Brexit implications on personal finances – Part 2

brexitIn the last blog post, I promised I would shed some more detail as to what steps an individual could take to protect oneself from further fluctuations in the value of the British Pound.

At this point, I need to make very clear that I am not providing financial advice of any sort – I am merely trying to provide some educational material to help explain some of the issues and options surrounding the financial implications to individuals resulting from the recent Brexit EU Referendum.

Before we go there, I thought I do a very quick recap of …

Big influences on the British Pound over the last week:

The Pound has continued to fluctuate significantly.  Early on in the week, “risk-on” sentiment (explanation of “risk-on” and “risk-off”) reappeared on the market helped by a strong US employment report on the 8th July and increased probability of further Quantitative Easing (QE) in Japan due to strong voting in favor of Prime Minister Shinzo Abe (read here on Reuters for more detail).  This was followed by the appointment of Theresa May as the UK’s new Prime Minister in the middle of the week – this removed uncertainty from the market – which generally has a positive impact.  Finally, the Bank of England decided to keep interest rate unchanged at 0.5% on Thursday – in contrast a strong anticipation that the key rate would be cut to 0.25%.  All this developments assured a great rollercoaster ride.  Against the US dollar, the Pound closed the prior week at $1.2940, then declined to as low as $1.2780 (-160 pips), before reaching a high of $1.3480 (+700 pips), and then closing at $1.32 (-280 pips).  That’s a rather big range.

What can an individual do to protect oneself from such wild fluctuations?

Alternatives for Protection:

  1. Do nothing
  2. Convert British Pound into another currency such as US dollars, Euros or Japanese Yen either as cash or keeping it in a foreign currency denominated bank account – this can be done using a normal UK high-street bank, or a FX brokerage house.
  3. Using a Contract for Difference, also available from many UK brokerage firms.
  4. Using a “spreadbet” instrument, available from many UK brokerage firms and/or spreadbetting firms.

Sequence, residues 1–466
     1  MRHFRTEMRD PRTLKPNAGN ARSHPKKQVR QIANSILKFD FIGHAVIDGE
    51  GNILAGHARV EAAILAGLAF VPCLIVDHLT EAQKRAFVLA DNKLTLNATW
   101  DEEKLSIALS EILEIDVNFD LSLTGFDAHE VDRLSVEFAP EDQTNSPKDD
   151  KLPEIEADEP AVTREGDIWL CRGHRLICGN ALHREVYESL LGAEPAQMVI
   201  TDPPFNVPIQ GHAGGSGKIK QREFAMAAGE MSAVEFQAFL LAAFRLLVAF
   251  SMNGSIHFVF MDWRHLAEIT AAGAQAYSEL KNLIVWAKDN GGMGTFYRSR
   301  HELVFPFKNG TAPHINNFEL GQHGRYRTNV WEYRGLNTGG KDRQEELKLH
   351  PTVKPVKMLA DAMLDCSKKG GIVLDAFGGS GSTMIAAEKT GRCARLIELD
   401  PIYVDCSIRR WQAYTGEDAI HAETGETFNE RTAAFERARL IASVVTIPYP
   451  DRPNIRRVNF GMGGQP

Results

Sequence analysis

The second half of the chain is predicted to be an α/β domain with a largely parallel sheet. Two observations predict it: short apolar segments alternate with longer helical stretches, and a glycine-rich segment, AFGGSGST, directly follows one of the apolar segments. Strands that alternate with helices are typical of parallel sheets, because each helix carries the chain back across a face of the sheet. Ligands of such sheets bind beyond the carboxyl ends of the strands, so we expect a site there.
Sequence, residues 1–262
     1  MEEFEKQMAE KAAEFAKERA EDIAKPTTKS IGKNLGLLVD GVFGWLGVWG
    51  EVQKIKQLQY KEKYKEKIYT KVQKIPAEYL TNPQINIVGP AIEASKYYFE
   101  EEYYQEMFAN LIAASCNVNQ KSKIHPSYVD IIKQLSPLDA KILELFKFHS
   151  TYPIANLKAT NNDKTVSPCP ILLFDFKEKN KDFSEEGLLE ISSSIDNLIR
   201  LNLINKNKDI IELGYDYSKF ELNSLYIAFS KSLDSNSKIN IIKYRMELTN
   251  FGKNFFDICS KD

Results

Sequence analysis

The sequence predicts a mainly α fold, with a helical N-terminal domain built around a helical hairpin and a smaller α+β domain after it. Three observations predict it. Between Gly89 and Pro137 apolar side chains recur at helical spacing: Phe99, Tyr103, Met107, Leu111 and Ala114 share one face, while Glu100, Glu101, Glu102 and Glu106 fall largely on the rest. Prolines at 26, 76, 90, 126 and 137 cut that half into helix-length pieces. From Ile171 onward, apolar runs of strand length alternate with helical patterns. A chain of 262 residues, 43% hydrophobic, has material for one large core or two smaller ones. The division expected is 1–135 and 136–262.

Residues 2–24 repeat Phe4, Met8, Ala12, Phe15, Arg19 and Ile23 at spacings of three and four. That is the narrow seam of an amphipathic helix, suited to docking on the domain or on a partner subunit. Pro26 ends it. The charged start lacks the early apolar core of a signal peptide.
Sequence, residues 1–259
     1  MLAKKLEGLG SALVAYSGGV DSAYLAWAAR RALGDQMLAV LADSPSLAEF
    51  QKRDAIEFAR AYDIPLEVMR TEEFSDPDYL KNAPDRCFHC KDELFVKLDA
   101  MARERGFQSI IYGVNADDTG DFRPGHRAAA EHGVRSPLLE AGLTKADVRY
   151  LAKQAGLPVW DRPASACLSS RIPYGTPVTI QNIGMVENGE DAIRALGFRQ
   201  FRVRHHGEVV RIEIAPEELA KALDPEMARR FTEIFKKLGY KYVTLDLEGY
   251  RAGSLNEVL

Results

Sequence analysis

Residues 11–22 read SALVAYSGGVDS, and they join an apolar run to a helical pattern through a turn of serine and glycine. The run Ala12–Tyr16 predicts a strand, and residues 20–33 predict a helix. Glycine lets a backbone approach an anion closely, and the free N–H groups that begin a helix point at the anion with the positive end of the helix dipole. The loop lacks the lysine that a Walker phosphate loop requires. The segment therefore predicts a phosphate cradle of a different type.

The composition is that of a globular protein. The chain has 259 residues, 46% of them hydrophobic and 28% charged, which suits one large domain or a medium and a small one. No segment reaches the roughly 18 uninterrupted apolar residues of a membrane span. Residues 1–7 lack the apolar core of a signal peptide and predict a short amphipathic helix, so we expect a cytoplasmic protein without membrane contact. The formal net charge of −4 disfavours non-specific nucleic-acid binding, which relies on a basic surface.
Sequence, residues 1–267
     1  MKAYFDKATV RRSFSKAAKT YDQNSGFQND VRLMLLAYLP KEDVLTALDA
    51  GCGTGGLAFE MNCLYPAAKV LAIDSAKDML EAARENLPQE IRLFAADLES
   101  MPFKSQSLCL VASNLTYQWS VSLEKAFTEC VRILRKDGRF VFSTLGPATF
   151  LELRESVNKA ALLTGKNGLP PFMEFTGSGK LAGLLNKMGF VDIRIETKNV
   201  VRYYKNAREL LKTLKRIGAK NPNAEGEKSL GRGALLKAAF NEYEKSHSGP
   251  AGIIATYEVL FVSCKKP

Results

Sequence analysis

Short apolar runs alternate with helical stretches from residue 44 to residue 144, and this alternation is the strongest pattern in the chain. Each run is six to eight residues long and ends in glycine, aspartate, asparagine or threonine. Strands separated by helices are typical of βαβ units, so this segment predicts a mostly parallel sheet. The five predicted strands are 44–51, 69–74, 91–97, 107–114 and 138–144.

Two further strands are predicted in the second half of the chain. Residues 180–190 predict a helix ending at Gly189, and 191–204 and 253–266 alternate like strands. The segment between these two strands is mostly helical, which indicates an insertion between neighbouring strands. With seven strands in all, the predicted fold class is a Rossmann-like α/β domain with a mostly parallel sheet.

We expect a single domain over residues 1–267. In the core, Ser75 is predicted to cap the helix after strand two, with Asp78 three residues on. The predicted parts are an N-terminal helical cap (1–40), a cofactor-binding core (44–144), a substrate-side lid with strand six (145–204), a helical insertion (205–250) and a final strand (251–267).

5. Purchase “option contracts” – these are often referred to as “derivatives” – and are a more complex financial arrangements.

Protecting = reducing range of possible outcomes = risk management

Something to keep in mind – and it’s a point that came out in the conversation between my friend Angela (not Angela Merkel) and I – is that by doing protection one could merely aim to reduce the extreme range of possible outcomes.  For example if one were to convert all of one’s savings into US dollars then this would be a great outcome if the Poriskund continued to depreciate/fall, but it would be bad if the Pound recovered/rose.  However if one converts HALF of their money into US dollars, then regardless what happens to the value of the pound – the difference between the worst possible and best possible scenario is reduced.  In other words the volatility or risk has been lowered.  This is essentially what we are looking for when buying any type of insurance (say home insurance or health insurance).  Another way of summarising this type of behavior is to say “we are managing risk”.


I will try to point out some of the pro’s and con’s associated with each alternative, discuss some of the practicalities involved and also point out some companies who provide the various alternatives.



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One Response to Brexit implications on personal finances – Part 2

  1. Pingback: Happy “trade-free” August!! | Trick or Trade

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